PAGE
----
One way to show why Bertrand Russell thought the ontological argument was bad grammar is to point out its reductio ad absurdum when applied to something other than God. Anselm’s eleventh-century version of the ontological argument went something like this:
1. God is a being than which no greater being can be conceived.
2. If God exists only in conception, and not in reality, then he could be conceived to be greater than he is.
3. Therefore, God must exist in reality.
This silly argument was countered in Anselm’s day by Gaunilo, who used it to “prove” the existence of a perfect island. But we could do the same thing with nothingness:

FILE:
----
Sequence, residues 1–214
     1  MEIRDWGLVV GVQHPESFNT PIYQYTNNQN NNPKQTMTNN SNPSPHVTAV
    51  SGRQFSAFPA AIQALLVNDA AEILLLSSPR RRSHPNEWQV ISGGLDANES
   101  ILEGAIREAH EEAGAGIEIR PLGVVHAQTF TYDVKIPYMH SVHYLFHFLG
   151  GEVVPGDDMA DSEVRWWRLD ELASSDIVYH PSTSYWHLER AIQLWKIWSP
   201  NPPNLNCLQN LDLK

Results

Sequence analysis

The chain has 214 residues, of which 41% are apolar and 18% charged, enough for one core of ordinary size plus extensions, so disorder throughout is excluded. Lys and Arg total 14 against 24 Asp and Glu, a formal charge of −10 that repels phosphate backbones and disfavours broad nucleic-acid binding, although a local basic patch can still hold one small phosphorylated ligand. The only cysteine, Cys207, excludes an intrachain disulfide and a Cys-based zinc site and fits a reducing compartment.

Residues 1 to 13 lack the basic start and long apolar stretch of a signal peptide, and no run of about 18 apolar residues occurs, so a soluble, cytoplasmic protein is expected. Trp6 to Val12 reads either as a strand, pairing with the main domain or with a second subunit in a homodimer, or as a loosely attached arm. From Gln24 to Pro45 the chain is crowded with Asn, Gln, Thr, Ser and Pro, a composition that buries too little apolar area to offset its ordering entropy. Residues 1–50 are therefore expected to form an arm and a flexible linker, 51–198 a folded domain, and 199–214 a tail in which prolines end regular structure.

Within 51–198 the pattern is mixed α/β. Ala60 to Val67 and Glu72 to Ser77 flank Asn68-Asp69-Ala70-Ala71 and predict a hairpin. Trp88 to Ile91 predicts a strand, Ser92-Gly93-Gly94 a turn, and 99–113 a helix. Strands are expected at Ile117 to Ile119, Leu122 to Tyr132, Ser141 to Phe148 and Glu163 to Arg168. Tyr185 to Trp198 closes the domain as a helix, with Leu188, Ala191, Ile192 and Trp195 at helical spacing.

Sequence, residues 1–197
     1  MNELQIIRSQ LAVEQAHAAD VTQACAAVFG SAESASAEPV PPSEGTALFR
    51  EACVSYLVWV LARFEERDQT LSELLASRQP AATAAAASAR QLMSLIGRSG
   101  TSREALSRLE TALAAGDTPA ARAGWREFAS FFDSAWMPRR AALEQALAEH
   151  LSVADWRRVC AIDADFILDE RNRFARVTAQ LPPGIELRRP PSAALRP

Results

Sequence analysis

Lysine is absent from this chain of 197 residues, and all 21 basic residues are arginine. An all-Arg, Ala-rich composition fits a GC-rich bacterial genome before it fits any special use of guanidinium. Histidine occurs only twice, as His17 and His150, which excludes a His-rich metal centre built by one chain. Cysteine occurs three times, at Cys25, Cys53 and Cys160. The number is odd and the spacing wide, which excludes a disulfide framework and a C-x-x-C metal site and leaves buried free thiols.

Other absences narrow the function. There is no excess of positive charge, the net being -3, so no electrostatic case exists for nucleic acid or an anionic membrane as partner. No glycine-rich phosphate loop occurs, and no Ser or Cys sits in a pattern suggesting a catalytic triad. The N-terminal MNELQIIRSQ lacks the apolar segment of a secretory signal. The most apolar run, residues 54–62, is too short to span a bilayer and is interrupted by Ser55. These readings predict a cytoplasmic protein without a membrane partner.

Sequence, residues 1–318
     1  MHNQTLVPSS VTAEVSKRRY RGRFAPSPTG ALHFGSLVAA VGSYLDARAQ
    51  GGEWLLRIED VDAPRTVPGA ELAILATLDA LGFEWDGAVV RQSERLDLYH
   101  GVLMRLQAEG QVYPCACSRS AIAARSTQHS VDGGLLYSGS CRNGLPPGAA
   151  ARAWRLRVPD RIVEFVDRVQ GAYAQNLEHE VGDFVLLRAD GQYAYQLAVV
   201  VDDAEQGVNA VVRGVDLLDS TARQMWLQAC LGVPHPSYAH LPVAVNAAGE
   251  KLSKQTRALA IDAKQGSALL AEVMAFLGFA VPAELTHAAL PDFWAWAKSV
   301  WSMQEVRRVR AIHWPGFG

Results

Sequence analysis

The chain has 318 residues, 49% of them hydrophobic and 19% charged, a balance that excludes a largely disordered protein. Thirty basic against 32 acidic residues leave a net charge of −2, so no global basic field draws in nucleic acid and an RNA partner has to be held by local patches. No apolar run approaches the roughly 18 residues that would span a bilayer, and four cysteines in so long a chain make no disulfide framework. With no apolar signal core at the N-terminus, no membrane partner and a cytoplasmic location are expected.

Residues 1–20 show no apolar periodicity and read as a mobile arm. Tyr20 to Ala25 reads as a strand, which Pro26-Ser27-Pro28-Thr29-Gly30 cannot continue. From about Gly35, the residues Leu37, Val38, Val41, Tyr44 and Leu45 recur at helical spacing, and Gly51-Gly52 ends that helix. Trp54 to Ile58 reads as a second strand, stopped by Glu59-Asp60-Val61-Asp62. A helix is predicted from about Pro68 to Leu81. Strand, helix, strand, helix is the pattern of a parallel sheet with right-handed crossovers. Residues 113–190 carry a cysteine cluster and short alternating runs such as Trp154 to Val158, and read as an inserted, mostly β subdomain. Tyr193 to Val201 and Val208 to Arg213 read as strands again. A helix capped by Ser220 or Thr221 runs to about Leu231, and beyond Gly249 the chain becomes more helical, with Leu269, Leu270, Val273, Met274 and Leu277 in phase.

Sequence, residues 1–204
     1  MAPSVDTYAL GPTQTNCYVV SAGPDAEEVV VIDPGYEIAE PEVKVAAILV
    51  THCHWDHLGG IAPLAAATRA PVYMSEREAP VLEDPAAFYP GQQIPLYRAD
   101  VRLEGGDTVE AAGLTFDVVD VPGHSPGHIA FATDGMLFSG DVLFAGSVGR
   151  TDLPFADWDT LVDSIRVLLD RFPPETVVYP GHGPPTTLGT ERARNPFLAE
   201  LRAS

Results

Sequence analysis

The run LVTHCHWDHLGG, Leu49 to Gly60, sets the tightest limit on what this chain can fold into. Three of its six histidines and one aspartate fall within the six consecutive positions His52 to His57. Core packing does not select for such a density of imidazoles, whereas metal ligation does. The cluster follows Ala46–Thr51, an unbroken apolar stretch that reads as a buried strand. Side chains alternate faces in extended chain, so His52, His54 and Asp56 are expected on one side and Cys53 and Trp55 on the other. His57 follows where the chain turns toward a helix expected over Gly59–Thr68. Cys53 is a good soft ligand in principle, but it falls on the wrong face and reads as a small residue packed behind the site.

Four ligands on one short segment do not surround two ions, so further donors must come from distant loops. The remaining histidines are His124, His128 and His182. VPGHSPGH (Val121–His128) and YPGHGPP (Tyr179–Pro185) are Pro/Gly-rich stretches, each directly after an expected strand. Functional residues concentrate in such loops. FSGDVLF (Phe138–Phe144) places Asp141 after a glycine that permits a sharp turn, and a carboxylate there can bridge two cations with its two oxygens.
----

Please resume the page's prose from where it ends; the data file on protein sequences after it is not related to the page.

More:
1. Utter nothingness is a void than which no greater void can be conceived.
2. If utter nothingness exists only in conception, and not in reality, then it can be conceived to be greater than it is.
3. Therefore, utter nothingness must exist in reality.
Therefore, nothing exists. Putting the two bad-grammar arguments together, we could prove that God is Utter Nothingness.
Dan Barker, Life Driven Purpose, pg 137